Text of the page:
However, users can take precautions to keep the screen. [by] We take advantage of the features that are included by default in the Nintendo Switch system, such as the auto-brightness feature that keeps the screen from getting too bright and the auto-sleep feature that puts you in “auto-sleep” mode in a short amount of time. “

In summary, they do not deny that burn-in is a problem, and their statement seems to suggest, yes, that it could happen in the end, but with brightness levels and autos. Careful use can prevent (or postpone) problems-sleep.

So do you need to worry about Switch OLED burn-in?

CNET itself lists some things that have eased concerns about burn-in. First, each game has different static features, so unless you’re playing same If you’ve been playing games for hours, the OLED switch is fine. Moreover, unlike phones, switches do not have always-on menu elements like batteries and watches. NS There is that automatic sleep mode we mentioned.

However, of course, some gamers play the same game for hours at a time. Games such as Fortnite, Minecraft and Tetris 99. Obviously, these players have a much higher risk of screen burn-in, not even Nintendo. Don’t deny it.

OLED technology has evolved since the days of Vita and incorporates solutions and measures to mitigate problems, extend the life of purchased screens, and improve what you might use on a daily basis. This doesn’t mean that the Switch OLED screen didn’t burn in, but Nintendo predicted this problem.I’m not sure until I spend a lot of time on the console — and I know Nintendo doesn’t have a perfect track record in hardware — but you turn it off and trigger a burn-in out of the way. Unless otherwise automatic brightness sensor and play only ever time With 100% brightness every day, our intuition is that you Maybe fine.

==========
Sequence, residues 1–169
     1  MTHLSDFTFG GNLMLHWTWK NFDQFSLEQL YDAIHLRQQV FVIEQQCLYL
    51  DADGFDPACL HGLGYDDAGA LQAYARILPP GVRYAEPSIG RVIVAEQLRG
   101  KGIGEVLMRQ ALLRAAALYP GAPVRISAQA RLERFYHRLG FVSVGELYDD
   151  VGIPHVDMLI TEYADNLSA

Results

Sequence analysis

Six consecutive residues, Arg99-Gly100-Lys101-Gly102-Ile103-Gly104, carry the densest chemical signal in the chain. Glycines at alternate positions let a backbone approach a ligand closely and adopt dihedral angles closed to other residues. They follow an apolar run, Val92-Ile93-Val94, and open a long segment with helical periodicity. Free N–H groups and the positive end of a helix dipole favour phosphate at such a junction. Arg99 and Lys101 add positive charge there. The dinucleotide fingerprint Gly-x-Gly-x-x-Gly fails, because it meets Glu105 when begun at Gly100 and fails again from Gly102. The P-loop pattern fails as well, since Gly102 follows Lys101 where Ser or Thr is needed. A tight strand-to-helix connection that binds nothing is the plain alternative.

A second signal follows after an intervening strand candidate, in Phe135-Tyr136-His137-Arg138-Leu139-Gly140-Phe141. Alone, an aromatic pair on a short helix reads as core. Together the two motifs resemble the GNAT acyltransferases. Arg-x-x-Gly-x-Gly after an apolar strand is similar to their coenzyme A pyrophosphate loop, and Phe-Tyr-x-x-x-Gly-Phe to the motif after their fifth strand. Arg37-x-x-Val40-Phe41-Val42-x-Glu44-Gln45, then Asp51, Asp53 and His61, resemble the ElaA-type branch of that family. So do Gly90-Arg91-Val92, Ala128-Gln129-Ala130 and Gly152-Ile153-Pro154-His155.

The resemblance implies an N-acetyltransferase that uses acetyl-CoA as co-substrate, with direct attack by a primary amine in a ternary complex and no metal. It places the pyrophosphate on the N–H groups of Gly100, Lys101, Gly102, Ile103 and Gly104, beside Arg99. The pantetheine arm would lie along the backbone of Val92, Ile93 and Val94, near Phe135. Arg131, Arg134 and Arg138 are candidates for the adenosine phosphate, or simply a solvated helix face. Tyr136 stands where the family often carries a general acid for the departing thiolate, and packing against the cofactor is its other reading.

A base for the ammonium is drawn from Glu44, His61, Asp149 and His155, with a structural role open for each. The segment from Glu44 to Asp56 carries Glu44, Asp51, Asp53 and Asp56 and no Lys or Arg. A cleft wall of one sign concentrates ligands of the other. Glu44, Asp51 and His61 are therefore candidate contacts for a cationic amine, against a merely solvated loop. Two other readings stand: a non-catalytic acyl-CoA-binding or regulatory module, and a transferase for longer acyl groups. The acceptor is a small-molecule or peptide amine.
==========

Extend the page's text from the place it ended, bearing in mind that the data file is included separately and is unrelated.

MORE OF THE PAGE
However, CNET states it fairly briefly. If you think you’re likely to burn in, “Don’t buy a new switch.”

Imagine the Buizel appearing permanently on the screen
Imagine the Buizel appearing permanently on the screen

you, In general, a warning that a game can occur for hours is less likely to cause burn-in on the console. My phone problem started to occur three years after I owned it. That’s because I’m looking at TikToks too much in a trash bag. My real punishment is definitely the roast I got in the comments. When it comes to TV, problems are more likely to occur when there are frequent things like news channels, such as TVs in receptions and waiting rooms.

We’re not psychics, so I’m not sure if there’s a serious burn-in problem with OLED screens, but the safest answer at the moment is that it’s possible under certain conditions.As pointed out by Employee of this Best Buy on Reddit, And by CNET When According to Nintendo itself, there are precautions we can take to reduce the chance of it happening: don’t leave the screen in full brightness for hours, especially not the menu screen, and the console Darken or set to auto sleep after a few seconds do nothing.

In addition, there is always the option of not buying a new OLED switch at all, mainly for very long overwatch marathons in handheld mode. For some, the risks can be balanced with darker black, higher contrast, and lighter color rewards. For others, it’s best to stick to a reliable old LCD screen.